Further reading: Besch, Werner. 1998. Duzen, Siezen, Titulieren. Zur Anrede im Deutschen heute und gestern. 2nd edn. Göttingen: Vandenhoeck und Ruprecht; Braun, Peter. 1998. Tendenzen in der deutschen Gegenwartssprache: Sprachvarietäten. 4th edn. Stuttgart: Kohlhammer; Clyne, Michael. 1995. The German language in a changing Europe. Cambridge: Cambridge University Press; Eggers, Hans. 1973. Deutsche Sprache im 20. Jahrhundert. Munich: Piper; Gardt, Andreas & Bernd Hüppauf (eds.). 2004. Globalization and the future of German. Berlin: Mouton de Gruyter; Hellinger, Marlis. 1995. Language and gender. In Patrick Stevenson (ed.), The German language and the real world, 281-316. Oxford: Clarendon Press; Hoberg, Rudolf (ed.). 2002. Deutsch – Englisch – Europäisch. Impulse für eine neue Sprachpolitik. Mannheim: Dudenverlag; Hogan-Brun, Gabrielle (ed.). 2000. National varieties of German outside Germany. Berne: Lang; Johnson, Sally. 2005. Spelling trouble? Language, ideology and the reform of German orthography. Clevedon: Multilingual Matters; Rash, Felicity. 1998. The German language in Switzerland: multilingualism, diglossia and variation. Berne: Lang; Stevenson, Patrick. 1997. The German-speaking world: a practical introduction to sociolinguistic issues. London: Routledge; Stickel, Gerhard (ed.). 2001. Neues und Fremdes im deutschen Wortschatz: aktueller lexikalischer Wandel. Berlin: de Gruyter; www.ids-mannheim.de/service/reform/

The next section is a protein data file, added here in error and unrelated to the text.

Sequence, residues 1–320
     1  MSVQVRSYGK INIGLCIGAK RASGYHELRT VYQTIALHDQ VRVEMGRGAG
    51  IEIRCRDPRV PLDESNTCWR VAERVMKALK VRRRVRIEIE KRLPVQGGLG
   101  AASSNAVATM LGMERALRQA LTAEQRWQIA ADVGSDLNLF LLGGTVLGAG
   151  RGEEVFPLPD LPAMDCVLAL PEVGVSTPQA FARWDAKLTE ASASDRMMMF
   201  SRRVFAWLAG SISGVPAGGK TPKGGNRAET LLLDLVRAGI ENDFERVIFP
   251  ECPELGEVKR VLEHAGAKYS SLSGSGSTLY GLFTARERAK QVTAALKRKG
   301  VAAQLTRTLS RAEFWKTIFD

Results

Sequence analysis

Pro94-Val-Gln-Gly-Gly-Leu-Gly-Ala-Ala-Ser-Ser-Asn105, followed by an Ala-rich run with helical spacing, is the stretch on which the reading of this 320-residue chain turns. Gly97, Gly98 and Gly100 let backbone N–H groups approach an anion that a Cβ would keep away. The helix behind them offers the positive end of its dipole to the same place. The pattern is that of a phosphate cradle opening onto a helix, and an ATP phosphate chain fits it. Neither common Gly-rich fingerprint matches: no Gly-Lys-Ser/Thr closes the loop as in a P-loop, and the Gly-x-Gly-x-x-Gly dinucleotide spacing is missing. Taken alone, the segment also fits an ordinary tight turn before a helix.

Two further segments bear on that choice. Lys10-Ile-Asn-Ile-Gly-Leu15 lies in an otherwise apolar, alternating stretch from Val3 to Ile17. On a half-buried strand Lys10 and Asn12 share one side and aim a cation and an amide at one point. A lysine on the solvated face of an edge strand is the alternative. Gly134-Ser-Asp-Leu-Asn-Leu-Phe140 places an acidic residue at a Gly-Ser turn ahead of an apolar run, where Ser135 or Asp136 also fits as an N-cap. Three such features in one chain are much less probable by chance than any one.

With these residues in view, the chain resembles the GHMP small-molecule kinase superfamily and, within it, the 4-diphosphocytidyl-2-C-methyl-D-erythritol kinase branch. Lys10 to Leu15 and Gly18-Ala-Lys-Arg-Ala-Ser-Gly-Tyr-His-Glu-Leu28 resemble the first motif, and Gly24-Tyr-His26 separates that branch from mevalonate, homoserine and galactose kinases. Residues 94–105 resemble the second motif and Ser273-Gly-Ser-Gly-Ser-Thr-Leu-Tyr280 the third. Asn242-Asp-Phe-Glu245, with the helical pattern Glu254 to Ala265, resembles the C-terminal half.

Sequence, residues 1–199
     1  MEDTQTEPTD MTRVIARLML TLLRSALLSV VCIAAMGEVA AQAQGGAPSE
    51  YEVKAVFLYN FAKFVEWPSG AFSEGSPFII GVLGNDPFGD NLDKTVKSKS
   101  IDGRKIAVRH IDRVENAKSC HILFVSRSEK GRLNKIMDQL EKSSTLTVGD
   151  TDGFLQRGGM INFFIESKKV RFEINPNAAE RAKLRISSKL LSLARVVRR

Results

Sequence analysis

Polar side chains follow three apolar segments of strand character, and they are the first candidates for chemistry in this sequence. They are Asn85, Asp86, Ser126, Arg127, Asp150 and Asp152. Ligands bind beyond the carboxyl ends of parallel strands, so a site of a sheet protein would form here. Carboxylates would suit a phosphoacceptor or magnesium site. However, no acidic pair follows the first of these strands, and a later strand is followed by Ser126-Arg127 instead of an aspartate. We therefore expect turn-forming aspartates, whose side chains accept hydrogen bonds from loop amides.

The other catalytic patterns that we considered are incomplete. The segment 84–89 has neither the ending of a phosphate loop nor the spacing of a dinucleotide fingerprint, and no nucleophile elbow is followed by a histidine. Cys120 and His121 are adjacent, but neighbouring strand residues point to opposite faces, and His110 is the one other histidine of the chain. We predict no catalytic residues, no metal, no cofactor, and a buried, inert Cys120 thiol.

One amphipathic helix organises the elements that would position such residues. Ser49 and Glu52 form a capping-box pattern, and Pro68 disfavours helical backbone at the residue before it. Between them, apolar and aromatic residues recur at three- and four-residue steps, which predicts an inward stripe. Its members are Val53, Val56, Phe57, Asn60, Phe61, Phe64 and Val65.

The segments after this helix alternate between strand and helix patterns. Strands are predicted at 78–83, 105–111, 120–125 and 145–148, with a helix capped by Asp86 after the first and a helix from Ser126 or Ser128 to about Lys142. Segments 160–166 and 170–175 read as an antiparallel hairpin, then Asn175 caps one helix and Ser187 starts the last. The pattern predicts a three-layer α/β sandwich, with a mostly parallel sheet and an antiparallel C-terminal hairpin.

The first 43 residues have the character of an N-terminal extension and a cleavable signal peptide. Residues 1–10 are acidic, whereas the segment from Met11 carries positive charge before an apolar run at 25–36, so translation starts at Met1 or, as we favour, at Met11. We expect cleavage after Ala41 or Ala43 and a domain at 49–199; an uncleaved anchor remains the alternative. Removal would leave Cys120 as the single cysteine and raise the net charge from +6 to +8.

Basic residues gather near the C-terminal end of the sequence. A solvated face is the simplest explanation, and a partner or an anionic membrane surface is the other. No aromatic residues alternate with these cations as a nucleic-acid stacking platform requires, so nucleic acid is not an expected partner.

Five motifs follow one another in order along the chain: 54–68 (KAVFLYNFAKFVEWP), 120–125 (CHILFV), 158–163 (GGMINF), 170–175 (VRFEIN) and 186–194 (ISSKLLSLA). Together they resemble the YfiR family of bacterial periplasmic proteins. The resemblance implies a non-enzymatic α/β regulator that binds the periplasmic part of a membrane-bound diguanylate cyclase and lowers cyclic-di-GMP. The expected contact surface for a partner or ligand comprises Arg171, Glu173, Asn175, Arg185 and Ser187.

Nature and timing of feedback:
- Comments made during class discussion regarding the relevance and coherence of student contributions
- Individual feedback on all project plans submitted by the Tuesday of Week 10
- Return of marked project reports (annotated and with detailed feedback sheets) within 15 working days of the submission deadline, with an opportunity for face-to-face discussion with the convenor for those students who request this
- Individual feedback on exam technique and subject competence to those students who send up to two answers to previous years’ exam questions to the convenor no later than three working days before the examination
- Individual feedback on exam performance to students who arrange to discuss their script with the convenor
- Assessment written exam - 1 hours
- Lectures - 11 hours
- Seminars - 20 hours
- Independent study hours - 168 hours